The Googlebot is a very sophisticated computer program. It is a search engine spider that scours the Internet and inspects web sites in order to have them ranked according to Google’s standards. It’s “job” is to look at your web page, make a few notes and then report back to Google, who in turn give your page a ranking.
In this article I’m going to tell you a little about how to attract the Googlebot to your website and how to make sure it’s happy with what it finds. Think of it like this: The Googlebot needs love too.
1] Read Google’s Webmaster Guidelines:
Most of Google’s algorithms (search rules) are really secret; we can only guess what they are.Their guidelines are very simple and precise, however. Following their guidelines can’t “hurt” your site’s ranking and Googlebot will “enjoy” its time with your website. Disregarding their guidelines can and probably will hurt you and your website in the long run.
2] Make the links in your site text links:
Google says: “Make a site with a clear hierarchy (structure) and text links. Every page should be reachable from at least one static text link.”
The native language of the Googlebot is text; this is not to say that you cannot make your site really pretty and fill it with lashings of Java Script and Flash but you MUST have regular text and standard text links. Usually you can achieve the desired effect by having extra navigation menus based on standard text links.
3] Give every page a a complete and meaningful title:
This is also directly from Google’s Webmaster Guidelines. Have a look at Rule #1.
The “title” tag is supported by every web creation tool out there, and goes in the header of a web page. Make sure your title is not just a list of keywords and that it is related to the actual content of the page. Google can and will check that, before deciding on your page’s ‘relevance’ and fate…
4] DO NOT place important text inside images:
Google says: “Try to use text instead of images to display important names, content, or links. The Googlebot doesn’t recognize text contained in images.”
It is very tempting to create images with text inside them, for the very simple reason that you are not limited to the very few font options that basic HTML allows. Also, different browsers tend to display things differently nowadays, so it is much easier to create a text image, which will be shown consistently and not worry about styles, operating systems, etc.
Unfortunately, the Googlebot doesn’t like this one bit…
5] Use descriptive “ALT” tags:
The “ALT” tag is used as a text alternative for images and image links and was designed so that text browsers do not justdisplay a generic ‘Image’ for every picture link you might have. If all your links say ‘Image’, how would a potential visitor know what they are?
Make sure that the text description is meaningful and accurate. If the “ALT” tag only says “display”, that is what Googlebot will see and index. If the tag says something like “example of a tradeshow display design”, that is certainly more useful to the information-hungry Googlebot.
6] Use meaningful descriptions for links:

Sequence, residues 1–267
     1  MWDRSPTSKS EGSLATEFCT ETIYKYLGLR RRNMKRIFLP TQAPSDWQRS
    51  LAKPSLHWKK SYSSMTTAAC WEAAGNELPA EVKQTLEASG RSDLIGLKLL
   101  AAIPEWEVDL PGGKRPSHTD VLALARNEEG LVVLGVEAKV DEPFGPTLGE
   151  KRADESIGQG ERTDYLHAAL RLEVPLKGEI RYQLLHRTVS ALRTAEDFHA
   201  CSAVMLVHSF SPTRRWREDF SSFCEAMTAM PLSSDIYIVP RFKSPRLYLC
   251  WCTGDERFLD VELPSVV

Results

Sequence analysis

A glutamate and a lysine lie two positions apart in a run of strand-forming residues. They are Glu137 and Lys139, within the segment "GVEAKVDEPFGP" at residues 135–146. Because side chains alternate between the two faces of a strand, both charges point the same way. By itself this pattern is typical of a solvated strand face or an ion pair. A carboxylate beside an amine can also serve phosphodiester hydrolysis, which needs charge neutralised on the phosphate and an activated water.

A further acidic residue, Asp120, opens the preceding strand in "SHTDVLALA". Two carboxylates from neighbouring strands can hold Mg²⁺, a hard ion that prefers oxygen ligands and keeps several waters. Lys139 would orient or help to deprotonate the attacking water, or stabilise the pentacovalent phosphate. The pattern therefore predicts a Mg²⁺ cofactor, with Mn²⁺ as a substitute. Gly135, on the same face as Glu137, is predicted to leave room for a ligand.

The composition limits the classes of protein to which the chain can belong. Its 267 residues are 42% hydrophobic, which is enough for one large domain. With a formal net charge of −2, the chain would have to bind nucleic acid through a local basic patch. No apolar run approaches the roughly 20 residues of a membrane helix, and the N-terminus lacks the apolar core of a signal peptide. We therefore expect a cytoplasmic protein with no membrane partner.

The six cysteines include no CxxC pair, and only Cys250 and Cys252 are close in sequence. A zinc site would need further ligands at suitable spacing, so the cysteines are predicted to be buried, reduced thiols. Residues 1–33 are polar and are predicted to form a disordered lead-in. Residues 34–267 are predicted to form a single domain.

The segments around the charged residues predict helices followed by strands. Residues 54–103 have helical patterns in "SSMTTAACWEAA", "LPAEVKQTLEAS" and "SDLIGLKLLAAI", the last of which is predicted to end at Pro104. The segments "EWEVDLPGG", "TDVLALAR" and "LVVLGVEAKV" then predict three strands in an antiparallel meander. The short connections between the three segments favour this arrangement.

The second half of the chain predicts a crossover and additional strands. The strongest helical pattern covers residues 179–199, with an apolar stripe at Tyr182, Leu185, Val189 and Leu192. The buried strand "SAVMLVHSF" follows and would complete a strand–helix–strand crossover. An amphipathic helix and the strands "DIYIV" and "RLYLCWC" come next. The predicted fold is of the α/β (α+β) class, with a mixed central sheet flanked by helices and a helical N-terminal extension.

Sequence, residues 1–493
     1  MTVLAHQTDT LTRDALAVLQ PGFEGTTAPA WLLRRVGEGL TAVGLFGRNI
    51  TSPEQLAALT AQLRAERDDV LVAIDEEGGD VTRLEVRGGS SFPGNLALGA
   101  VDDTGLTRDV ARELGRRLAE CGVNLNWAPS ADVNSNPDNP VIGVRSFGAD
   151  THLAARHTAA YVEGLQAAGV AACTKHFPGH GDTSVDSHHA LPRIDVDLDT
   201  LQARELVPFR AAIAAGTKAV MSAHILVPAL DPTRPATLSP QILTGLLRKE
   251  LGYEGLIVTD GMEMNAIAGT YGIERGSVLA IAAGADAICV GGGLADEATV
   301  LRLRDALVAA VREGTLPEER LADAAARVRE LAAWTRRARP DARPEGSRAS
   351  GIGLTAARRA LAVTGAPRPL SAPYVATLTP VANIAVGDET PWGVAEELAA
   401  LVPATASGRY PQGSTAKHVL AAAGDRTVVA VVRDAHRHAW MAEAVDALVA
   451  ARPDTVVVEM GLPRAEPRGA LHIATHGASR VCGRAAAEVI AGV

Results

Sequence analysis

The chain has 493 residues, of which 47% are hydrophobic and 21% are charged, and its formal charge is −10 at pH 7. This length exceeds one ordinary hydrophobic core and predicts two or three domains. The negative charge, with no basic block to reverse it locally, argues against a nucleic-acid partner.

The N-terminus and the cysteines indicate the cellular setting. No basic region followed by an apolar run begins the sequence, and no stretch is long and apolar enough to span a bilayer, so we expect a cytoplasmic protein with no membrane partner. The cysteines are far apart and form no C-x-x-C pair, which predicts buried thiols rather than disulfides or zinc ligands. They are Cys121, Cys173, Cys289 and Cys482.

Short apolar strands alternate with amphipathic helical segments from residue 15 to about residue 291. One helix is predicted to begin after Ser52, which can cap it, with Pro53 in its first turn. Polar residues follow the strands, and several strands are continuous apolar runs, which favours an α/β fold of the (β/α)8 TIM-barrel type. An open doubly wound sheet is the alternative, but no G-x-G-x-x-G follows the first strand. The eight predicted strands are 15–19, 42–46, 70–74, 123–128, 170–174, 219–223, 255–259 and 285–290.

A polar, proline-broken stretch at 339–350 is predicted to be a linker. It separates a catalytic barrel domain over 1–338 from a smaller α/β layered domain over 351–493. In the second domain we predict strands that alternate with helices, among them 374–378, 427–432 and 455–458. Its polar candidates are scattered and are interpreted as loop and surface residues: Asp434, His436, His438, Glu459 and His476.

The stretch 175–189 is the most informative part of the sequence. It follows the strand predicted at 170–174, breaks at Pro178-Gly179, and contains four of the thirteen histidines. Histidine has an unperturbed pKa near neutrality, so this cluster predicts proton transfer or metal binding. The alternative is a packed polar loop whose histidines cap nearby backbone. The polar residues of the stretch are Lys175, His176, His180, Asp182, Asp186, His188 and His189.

Whether you use picture links or text links, please use meaningful text inside your tags so that Googlebot can associate that text with that link. In other words, if you intend to put a link to a set of sample coffee mugs promos, say something like “link to samples of Y.O.U.R. branded coffee mugs”, not just “coffee mugs”, or even worse, “click here for pictures”. Never use link text like “read more” or “go here” or “download it”, “click here”, “don’t click here”. Googlebot will not understand what you mean…
7] Use a “description” tag for every page:
Include a <meta name=”description” content=”[insert your site’s description here]”> tag in your page header to summarize your site. Use a meaningful one or two sentence description and certainly do not keyword spam.
Even better, include descriptive text on the site’s front page where users can actually read it. It is this text will appear as the description for your site in Google results.
You should place more important content higher in the page than less important content in a page. The Googlebot does categorize text on a page based on it’s position, text at the bottom of a page is considered less relevant.
8] Use robots.txt:
Google says: “Make use of the robots.txt file on your web server. This file tells crawlers which directories can or cannot be crawled.”
This almost ancient and very standard mechanism for directing well-behaved robots like the Googlebot will allow you to specify places where the robot is not welcome, for whatever the reason. You might want to keep the robot away from your cgi-bin directory and other places you maybe don’t want available to the entire Googling population of the world. Remember this is a guideline, not a barrier; robots that are not programmed to comply will ignore it. So, use the robots.txt to guide the noble Googlebot but not for any real security enhancing reason.
9] Make a sitemap:
Google says: “Offer a site map to your users with links that point to the important parts of your site. If the site map is larger than 100 or so links, you may want to break the site map into separate pages.”
A site map is just a page on your website where you guide your users through the structure of your site. The most basic form of sitemap is a page that lists all of your pages, with a brief description and a link – ALL TEXT, of course; the Googlebot cannot read siemaps that are not in plain text. When you make the sitemap, follow all the rules above and don’t forget that the purpose of the sitemap is to guide your human visitor.
10] Google Webmaster Tools:
You should also check out Google Webmaster Tools 101, a great way to find out why Google is or is not listing your website in its search results.